Last year, a mild start to winter gave way to a three-week Arctic blast that saw the Stoughton Area School District cancel six out of 18 school days in late January and early February.
That became a problem, as the district only scheduled for three “snow days,” and had to make up the time through minutes added to the school days the last few months of the year.
The district once again has three snow days to work with this year, and its website outlines the protocols for why and when classes would be postponed, canceled or released early due to inclement weather.
The process begins as early as 4 a.m. when superintendent Tim Onsager and the district coordinator of transportation, Karen Johnson confer about weather conditions with information from national and local sources.
They contact county and municipal road crews to assess road conditions and the extent to which they will be safe to travel at the time students are to be transported. A bus driver travels a rural route and is consulted for their input as to the safety of travel on the road.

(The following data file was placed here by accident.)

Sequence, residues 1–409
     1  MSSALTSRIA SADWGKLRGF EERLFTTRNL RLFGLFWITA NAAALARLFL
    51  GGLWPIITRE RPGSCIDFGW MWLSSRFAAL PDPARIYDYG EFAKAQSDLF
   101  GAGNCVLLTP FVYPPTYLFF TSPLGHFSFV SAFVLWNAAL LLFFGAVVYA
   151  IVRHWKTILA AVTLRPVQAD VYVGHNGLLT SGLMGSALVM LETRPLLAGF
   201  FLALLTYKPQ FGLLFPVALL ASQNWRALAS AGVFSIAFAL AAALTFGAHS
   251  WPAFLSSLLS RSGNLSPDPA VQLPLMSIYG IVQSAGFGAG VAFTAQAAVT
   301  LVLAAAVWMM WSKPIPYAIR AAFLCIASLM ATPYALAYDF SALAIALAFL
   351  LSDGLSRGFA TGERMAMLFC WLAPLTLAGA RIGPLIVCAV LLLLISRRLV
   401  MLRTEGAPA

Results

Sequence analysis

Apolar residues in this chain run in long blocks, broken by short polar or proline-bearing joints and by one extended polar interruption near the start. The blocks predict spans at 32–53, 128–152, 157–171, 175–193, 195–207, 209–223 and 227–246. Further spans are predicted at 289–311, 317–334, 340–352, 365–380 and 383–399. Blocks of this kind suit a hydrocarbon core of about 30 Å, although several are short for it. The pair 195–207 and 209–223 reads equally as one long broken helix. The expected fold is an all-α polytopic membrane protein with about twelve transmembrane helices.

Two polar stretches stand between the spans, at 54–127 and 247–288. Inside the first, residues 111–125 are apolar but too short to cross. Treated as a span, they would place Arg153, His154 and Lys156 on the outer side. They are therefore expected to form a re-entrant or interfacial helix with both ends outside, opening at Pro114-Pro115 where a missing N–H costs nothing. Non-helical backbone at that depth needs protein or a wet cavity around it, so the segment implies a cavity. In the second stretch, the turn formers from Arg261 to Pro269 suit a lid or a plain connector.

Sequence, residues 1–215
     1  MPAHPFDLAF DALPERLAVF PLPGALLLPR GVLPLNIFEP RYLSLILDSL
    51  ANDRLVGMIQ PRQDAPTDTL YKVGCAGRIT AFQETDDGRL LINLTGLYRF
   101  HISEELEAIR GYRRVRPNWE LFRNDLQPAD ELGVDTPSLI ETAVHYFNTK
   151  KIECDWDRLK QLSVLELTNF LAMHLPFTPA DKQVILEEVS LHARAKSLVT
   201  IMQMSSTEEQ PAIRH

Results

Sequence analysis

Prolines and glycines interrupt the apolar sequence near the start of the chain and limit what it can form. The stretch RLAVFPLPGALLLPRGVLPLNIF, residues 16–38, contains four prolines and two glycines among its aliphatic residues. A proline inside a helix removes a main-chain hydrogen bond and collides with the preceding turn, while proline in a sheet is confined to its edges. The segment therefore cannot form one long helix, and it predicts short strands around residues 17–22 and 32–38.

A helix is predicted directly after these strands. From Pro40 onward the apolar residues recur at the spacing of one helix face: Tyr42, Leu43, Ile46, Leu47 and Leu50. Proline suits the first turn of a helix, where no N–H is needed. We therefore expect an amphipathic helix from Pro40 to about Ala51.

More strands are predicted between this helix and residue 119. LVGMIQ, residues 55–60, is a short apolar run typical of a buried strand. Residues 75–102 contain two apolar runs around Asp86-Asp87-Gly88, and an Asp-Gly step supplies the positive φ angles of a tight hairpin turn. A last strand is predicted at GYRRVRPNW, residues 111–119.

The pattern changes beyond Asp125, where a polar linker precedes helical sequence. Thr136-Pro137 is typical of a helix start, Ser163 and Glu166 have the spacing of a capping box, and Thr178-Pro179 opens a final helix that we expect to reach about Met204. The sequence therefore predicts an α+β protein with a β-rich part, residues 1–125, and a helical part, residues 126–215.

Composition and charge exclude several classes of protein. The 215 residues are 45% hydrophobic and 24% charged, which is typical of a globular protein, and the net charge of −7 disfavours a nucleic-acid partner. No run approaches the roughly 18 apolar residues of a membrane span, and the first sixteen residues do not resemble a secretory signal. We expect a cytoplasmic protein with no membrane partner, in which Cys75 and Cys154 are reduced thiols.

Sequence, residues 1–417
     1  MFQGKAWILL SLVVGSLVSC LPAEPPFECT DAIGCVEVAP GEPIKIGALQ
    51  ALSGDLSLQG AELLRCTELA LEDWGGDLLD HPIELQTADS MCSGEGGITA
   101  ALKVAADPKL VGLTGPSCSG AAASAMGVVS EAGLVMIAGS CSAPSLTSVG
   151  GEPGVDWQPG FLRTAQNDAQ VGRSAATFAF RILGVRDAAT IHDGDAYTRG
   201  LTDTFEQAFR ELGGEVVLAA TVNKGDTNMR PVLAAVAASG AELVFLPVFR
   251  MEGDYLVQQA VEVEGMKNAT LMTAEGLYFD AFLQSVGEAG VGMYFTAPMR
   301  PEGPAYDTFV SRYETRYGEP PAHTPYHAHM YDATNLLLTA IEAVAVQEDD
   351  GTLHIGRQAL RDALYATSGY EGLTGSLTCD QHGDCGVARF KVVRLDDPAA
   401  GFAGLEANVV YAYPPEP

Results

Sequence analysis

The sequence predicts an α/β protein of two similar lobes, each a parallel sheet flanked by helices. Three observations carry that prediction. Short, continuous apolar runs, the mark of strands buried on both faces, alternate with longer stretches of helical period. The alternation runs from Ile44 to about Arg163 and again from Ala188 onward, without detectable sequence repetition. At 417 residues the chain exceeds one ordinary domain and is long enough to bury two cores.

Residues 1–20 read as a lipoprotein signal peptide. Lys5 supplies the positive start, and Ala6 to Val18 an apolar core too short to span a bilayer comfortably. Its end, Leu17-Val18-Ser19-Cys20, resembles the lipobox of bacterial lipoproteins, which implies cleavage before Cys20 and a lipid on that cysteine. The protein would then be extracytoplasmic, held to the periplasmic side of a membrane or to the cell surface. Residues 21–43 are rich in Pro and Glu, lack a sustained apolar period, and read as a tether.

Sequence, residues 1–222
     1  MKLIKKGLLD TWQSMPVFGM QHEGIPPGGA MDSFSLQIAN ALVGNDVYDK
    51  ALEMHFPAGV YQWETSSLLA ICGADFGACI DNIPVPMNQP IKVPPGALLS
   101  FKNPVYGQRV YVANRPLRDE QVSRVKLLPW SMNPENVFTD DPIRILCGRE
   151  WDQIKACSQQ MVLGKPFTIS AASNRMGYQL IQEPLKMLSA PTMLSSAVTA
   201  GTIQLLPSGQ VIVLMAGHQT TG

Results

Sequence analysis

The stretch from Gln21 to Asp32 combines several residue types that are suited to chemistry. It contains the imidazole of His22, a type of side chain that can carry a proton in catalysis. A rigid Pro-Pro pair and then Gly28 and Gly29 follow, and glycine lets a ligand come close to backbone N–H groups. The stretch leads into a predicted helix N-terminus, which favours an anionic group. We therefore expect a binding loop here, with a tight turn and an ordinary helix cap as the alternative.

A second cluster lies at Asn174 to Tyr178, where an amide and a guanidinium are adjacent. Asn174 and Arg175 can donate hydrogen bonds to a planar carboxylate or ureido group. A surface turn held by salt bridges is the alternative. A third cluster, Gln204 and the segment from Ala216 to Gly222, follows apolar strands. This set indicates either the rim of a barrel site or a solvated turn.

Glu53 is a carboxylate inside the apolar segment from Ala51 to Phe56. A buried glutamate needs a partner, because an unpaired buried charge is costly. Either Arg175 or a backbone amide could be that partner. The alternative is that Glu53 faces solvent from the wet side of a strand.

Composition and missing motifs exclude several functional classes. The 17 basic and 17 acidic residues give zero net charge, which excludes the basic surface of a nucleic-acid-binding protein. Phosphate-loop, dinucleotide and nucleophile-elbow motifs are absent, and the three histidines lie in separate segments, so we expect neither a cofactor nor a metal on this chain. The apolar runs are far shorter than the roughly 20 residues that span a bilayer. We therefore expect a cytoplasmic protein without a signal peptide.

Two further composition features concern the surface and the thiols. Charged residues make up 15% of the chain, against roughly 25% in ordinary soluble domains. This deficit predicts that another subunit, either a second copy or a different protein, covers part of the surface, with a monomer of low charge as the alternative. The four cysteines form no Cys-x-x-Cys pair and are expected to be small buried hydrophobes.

If plows can remove snow from the majority of bus routes and there is no concern for high winds or a rate of snowfall that would prohibit keeping the roads clear, buses are considered able to operate safely.
For cold weather, the main indicator is wind chill factor. If the wind chill factor generates a Wind Chill Warning (-35 sustained wind chill) schools will either close for the day or be delayed if the warning will be lifted by mid-morning. District officials will “consider” closing schools during a Wind Chill Advisory (-25 degrees).
“If it is determined we cannot safely transport children to school, or cannot safely transport children home from school, then schools will be delayed, dismissed early, or closed,” the SASD website states.
District officials’ goal is to announce any delays or closings by 6 a.m. at the latest, using the SASD Emergency Notification system and local news outlets to spread the word.
While the district has the final say on school closings or delays, Onsager said if parents have “sincere concern for the safety of their child, they can certainly keep their child home or pick them up from school early.”